London: European stocks fell on Wednesday, with traders plunging before major US inflation data in June. London’s stock market fell nearly 1% in almost half of the session, despite news of a recovery in UK economic growth in May. Eurozone equities fell about 1% after mixed closing prices in Asia. Concerned about the possibility of a recession in the euro area, the euro fell slightly the day after the dollar weakened for the first time in 20 years. Oil has rebounded slightly due to sluggish demand expectations on Tuesday.

Tenter hook

“The market is in Tenterhook ahead of US inflation data, which has a significant impact on the Fed’s rate hike plans,” said Han Tan, an analyst at Exhibition Markets. “The new 40-year highs could force the Fed to punch harder and faster in the fight against runaway consumer prices, with signs of unabated inflationary pressures.” With increasing evidence of red inflation in the United States, the Fed is afraid to continue to aggressively raise interest rates after raising borrowing costs by three-quarters of a percentage point last month.

Inflation in the United States soared to a 40-year high of 8.6% in May. Inflation is skyrocketing globally after the economy resumes from the pandemic blockade and as the Ukrainian war continues to raise energy prices. As a further sign of pressure around the world, central banks in New Zealand and South Korea each raised interest rates by 0.5 percentage points on Wednesday. It has surged the most in Seoul since 1999.

European gas crisis

The euro has surpassed $ 1 a day after reaching parity for the first time since late 2002, as the worsening energy crisis fueled expectations that the eurozone would be in recession. As Russia’s energy giant Gazprom begins 10-day maintenance on the Nord Stream 1 pipeline on Monday, blocks, especially gas-dependent Germany, are nervously waiting for the faucet to turn on again. In contrast to monetary policy elsewhere, the single currency has also been hit by the European Central Bank’s reluctance to raise interest rates.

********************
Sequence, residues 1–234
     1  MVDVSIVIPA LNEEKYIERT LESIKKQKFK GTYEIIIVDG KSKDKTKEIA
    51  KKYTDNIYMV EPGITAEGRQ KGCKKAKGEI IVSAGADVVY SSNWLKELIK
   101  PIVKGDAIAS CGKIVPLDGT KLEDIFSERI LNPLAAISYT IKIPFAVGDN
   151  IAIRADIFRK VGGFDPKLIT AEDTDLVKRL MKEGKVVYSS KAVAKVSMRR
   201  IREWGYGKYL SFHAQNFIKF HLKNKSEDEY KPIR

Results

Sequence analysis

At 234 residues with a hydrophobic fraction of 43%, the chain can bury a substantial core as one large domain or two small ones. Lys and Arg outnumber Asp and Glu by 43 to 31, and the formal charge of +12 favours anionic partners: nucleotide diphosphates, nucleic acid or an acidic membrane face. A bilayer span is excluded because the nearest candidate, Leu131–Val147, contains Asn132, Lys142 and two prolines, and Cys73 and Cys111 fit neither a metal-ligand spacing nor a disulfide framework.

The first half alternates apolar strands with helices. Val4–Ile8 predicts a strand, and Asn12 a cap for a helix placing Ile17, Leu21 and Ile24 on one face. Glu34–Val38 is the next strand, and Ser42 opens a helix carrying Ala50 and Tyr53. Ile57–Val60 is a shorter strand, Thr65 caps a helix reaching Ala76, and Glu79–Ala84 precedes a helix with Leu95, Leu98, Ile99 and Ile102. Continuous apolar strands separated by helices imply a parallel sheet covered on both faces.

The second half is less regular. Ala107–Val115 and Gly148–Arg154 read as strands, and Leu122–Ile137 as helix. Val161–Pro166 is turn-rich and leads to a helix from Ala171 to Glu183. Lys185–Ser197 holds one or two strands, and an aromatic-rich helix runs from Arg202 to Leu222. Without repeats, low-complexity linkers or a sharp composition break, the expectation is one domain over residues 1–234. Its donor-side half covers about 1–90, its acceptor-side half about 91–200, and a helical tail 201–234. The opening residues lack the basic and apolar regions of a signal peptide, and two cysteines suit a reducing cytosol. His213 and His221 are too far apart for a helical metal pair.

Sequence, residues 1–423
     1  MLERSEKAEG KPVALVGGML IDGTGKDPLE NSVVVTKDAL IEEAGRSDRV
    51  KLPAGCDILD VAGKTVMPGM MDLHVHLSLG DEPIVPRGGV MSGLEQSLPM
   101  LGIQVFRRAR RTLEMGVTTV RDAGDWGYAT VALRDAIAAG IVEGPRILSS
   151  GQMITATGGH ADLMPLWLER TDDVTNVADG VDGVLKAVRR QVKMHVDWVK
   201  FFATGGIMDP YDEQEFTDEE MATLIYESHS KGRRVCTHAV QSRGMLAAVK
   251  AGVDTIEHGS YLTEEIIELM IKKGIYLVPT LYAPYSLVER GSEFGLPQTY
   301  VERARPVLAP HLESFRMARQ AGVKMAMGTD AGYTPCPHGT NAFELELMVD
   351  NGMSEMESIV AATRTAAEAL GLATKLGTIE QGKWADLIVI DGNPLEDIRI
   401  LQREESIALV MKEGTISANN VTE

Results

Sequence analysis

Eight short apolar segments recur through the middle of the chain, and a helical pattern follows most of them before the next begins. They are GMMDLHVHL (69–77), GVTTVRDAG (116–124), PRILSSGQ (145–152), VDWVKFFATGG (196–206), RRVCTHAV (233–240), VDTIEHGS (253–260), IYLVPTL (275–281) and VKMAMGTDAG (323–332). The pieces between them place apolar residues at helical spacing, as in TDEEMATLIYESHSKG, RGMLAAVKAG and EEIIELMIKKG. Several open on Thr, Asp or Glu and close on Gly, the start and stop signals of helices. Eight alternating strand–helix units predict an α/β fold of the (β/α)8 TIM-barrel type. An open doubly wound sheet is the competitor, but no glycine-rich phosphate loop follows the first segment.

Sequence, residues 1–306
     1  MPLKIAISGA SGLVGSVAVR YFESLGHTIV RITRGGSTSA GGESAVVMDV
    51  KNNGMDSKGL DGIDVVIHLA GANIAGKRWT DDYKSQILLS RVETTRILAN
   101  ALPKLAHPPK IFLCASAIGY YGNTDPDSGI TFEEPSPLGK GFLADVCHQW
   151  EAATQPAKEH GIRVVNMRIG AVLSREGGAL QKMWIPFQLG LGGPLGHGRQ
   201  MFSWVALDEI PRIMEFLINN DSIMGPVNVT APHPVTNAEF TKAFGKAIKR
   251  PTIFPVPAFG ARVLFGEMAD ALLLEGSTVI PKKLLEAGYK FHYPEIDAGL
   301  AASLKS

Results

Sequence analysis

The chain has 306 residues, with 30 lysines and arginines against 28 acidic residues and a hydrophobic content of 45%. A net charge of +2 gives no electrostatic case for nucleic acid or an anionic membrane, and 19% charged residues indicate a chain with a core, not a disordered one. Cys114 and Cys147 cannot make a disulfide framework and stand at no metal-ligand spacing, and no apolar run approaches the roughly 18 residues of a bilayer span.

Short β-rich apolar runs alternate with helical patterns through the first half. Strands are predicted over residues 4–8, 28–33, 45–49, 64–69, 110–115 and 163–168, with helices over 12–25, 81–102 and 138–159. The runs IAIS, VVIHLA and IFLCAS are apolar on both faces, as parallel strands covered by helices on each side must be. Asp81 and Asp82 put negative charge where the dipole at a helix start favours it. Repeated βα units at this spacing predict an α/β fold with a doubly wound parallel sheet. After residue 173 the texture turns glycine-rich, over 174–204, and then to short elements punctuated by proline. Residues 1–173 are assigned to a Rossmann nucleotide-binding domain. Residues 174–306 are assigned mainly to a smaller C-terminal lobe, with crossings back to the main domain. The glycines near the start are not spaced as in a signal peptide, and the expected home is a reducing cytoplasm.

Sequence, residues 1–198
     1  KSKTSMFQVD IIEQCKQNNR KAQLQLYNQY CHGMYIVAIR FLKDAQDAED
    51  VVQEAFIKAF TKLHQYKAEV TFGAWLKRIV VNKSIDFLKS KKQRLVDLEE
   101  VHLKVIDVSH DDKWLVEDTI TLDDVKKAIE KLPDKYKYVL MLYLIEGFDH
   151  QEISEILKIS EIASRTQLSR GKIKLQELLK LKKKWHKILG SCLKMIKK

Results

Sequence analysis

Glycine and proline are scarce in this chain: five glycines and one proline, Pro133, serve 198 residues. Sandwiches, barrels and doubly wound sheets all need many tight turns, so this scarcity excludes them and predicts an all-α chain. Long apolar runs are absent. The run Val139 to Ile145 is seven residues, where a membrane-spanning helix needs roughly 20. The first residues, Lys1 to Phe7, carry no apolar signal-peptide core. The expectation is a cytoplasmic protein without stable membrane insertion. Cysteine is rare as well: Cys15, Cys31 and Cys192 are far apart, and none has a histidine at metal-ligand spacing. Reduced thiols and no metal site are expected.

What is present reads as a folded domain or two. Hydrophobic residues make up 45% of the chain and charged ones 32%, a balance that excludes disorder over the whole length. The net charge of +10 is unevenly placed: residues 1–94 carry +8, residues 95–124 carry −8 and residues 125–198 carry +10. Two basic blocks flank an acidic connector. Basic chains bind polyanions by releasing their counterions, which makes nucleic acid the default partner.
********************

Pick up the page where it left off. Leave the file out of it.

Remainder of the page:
“Long-term cuts in gas supply will stop many economic activities and put (Germany) in recession,” said Tapas Strickland of the National Australia Bank. He said July 21st, when the gas needs to be turned on again, will be an important day. “It happens to be the day of the next ECB meeting,” Strickland added. “One of these events is an important risk event. If Russia is doing gas politics by not turning on gas supplies, the euro could be much lower.”

German investor morale

Meanwhile, German investor confidence fell in July, according to a carefully watched survey on Tuesday. The industry was concerned about the potential impact of Russia’s gas outage on Europe’s largest economy. The ZEW Institute’s Economic Expectation Index fell 25.8 points to minus 53.8 points, the lowest level since 2011.

For that investigation, ZEW will quiz experts on the current economic situation and outlook for the next six months. Negative readings mean that most professionals are pessimistic. ZEW said in a statement that the July measurements were “slightly lower” than those seen in March 2020, when the coronavirus pandemic began.

Concerns surrounding Germany’s energy supply, the imminent rise in European Central Bank interest rates, and continued coronavirus-related regulations in key markets in China have contributed to a “significant deterioration in the economic outlook,” ZEW’s Achim Wambach said. Governor Back said. The morale of export-oriented, energy-intensive industries has declined “especially sharply,” Wambach said.

On Monday, Russian energy giant Gazprom stopped supplying Germany via the NordStream1 pipeline as it began maintenance work on the link. However, in Europe’s largest economy, there is widespread concern that pipelines will not return online after service periods, threatening Germany with a lack of winter. Authorities are already preparing for the possibility of supply distribution, and a long-term closure will have a major impact on the industry. Investors’ assessments of the current economic situation also fell 18.2 points to minus 45.8 points in July, according to the survey. – AFP

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